“Delirium” AND “Biomarker”, “Delirium” AND “Acetylcholine”, “Delirium” AND “Adenylate kinase”, “Delirium” AND “Myokinase”, “Delirium” AND “Albumin”, “Delirium” AND “Amyloid”, “Delirium” AND “ASAT”, “Delirium” AND “Aspartate transaminase”, “Delirium” AND “Aspartate aminotransferase”, “Delirium” AND “AST”, “Delirium” AND “BDNF”, “Delirium” AND “Brain-derived neurotrophic factor”, “Delirium” AND “Cholezystokinine”, “Delirium” AND “Cholinesterase”, “Delirium” AND “Cortisol”, “Delirium” AND “Creatine kinase”, “Delirium” AND “Creatine phosphokinase”, “Delirium” AND “Creatine kinase BB”, “Delirium” AND “CK-BB”, “Delirium” AND “CREB”, “Delirium” AND “Cyclic AMP response element-binding protein”, “Delirium” AND “CRP”, “Delirium” AND “Dopamine”, “Delirium” AND “Histamine H1”, “Delirium” AND “Heat Shock Protein 70”, “Delirium” AND “IL-2”, “Delirium” AND “Interleukin-2”, “Delirium” AND “IL-6”, “Delirium” AND “Interleukin-6”, “Delirium” AND “IL-8”, “Delirium” AND “Interleukin-8”, “Delirium” AND “IL-18”, “Delirium” AND “Interleukin-18”, “Delirium” AND “Lactate dehydrogenase”, “Delirium” AND “Leptin”, “Delirium” AND “Neopterin”, “Delirium” AND “NSE”, “Delirium” AND “Neuron specific enolase”, “Delirium” AND “Phosphatidylinositol-3-kinases”, “Delirium” AND “Phosphatidylinositol-4,5-bisphosphate 3-kinase”, “Delirium” AND “Phosphatidylinositide 3-kinases”, “Delirium” AND “PI3K”, “Delirium” AND “PCT”, “Delirium” AND “Procalcitonin”, “Delirium” AND “Protein C”, “Delirium” AND “S-100”, “Delirium” AND “S-100beta”, “Delirium” AND “S-100β”, “Delirium” AND “Calcium-binding protein B”, “Delirium” AND “S100 protein”, “Delirium” AND “SDNF”, “Delirium” AND “Mammalian striatal-derived neuronotrophic factor”, “Delirium” AND “Striatal-derived neuronotrophic factor”, “Delirium” AND “Neuronotrophic factor”, “Delirium” AND “Thioredoxin”, “Delirium” AND “TNF-α”, “Delirium” AND “TNF-alpha”, “Delirium” AND “8-iso Prostaglandin F2α”.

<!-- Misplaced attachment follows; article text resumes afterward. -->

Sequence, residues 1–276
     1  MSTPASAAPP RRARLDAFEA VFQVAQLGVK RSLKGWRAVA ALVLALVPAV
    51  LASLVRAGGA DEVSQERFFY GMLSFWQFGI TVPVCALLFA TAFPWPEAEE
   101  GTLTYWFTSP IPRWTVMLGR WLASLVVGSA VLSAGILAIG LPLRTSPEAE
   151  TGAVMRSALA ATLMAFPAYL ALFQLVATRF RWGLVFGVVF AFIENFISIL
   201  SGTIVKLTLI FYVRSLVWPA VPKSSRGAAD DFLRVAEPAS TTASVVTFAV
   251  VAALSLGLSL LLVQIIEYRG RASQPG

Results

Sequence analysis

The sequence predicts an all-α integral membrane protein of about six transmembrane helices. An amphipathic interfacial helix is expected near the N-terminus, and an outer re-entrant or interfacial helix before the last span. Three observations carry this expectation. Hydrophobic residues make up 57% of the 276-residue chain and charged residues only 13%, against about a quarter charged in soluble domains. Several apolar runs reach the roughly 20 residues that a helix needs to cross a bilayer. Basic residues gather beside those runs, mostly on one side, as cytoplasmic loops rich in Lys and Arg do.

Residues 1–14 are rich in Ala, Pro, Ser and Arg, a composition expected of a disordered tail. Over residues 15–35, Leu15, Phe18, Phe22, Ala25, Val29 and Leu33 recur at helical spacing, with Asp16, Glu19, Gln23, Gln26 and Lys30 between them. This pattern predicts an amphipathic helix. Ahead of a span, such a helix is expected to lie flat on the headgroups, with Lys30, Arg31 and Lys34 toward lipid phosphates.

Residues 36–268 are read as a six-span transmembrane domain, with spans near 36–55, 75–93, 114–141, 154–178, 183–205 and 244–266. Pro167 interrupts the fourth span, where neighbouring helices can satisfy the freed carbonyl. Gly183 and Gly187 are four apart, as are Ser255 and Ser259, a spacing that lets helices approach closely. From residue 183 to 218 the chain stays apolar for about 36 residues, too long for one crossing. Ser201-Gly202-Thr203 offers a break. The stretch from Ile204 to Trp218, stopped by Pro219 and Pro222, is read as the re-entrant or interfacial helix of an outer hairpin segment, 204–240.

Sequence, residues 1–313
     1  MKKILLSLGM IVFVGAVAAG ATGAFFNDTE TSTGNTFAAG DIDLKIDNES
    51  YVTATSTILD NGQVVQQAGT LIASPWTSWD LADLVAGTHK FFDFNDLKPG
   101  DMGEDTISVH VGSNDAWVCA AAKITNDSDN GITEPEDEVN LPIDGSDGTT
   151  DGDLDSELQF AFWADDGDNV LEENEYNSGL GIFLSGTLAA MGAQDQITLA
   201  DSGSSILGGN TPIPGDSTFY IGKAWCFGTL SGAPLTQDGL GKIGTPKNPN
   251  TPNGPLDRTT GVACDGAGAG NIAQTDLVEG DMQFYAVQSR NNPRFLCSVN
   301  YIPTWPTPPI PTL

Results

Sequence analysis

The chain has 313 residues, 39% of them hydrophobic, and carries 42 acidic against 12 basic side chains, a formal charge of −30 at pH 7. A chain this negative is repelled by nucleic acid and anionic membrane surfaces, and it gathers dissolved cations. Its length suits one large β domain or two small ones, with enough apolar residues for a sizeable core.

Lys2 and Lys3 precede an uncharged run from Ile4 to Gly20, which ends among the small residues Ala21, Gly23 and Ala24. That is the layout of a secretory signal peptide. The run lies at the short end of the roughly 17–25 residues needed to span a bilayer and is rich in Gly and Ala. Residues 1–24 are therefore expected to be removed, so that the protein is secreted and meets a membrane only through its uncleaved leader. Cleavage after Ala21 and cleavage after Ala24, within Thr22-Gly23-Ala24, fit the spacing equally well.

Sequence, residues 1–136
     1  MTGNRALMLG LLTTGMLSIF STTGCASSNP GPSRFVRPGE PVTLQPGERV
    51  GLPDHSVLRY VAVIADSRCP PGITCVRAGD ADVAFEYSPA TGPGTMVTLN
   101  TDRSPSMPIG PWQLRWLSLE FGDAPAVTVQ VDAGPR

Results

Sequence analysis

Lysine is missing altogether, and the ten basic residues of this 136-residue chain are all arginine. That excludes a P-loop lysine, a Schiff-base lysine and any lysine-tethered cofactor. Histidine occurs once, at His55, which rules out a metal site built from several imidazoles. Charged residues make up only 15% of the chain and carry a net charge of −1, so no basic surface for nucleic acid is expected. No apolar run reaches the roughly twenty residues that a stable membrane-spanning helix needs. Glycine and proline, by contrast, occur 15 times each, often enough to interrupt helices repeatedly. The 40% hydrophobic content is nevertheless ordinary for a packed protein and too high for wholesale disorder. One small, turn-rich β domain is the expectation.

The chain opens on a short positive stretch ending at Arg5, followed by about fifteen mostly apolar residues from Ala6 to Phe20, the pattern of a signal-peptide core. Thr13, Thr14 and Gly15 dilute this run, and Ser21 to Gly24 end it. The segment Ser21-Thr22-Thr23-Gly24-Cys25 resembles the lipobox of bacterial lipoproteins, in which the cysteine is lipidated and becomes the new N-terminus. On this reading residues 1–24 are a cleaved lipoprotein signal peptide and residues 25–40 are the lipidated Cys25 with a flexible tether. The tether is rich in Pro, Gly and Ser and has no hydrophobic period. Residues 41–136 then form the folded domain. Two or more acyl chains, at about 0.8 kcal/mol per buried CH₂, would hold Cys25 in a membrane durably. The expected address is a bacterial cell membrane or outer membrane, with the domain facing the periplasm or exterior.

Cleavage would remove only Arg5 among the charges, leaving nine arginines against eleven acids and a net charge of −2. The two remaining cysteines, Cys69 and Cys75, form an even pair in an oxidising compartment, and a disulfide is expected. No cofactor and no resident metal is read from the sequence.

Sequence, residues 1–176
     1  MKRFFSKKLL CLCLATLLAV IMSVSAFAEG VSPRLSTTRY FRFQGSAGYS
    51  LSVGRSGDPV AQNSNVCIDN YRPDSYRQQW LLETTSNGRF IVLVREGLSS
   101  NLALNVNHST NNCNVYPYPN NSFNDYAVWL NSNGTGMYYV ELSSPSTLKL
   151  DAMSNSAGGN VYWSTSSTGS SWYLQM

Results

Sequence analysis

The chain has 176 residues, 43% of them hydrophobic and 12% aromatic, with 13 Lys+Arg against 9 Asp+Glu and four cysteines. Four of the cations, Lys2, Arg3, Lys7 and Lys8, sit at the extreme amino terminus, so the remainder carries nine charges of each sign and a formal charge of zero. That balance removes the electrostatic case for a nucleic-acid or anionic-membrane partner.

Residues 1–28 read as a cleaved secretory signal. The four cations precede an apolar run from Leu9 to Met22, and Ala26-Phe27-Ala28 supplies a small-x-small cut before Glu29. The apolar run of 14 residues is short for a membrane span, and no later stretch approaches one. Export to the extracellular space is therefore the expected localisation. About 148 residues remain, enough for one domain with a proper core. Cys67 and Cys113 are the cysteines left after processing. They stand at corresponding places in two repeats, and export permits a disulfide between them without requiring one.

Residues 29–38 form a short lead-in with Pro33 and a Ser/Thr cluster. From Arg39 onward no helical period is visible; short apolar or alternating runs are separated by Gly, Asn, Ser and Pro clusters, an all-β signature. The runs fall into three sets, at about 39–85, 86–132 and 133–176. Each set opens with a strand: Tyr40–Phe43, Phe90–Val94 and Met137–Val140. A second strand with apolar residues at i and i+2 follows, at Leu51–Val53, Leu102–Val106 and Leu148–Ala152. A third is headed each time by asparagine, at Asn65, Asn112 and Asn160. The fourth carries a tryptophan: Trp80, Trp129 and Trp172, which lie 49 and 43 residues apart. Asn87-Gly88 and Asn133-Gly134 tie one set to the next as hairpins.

[full text], [human].

Identical search for: “Acute Brain Dysfunction” AND “XXX”; “Stroke” AND “XXX” AND “Delirium”; “Hemorrhagic Stroke” AND “XXX” AND “Delirium”; “Ischemic Stroke” AND “XXX” AND “Delirium”; “Traumatic Brain Injury” AND “XXX” AND “Delirium”; “Septic Encephalopathy” AND “XXX” AND “Delirium”.